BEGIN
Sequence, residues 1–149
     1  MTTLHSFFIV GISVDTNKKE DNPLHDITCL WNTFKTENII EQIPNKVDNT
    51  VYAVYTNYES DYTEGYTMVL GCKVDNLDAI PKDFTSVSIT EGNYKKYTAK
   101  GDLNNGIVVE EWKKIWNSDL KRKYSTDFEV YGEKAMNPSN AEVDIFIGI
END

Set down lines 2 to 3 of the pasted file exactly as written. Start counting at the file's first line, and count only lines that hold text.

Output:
     1  MTTLHSFFIV GISVDTNKKE DNPLHDITCL WNTFKTENII EQIPNKVDNT
    51  VYAVYTNYES DYTEGYTMVL GCKVDNLDAI PKDFTSVSIT EGNYKKYTAK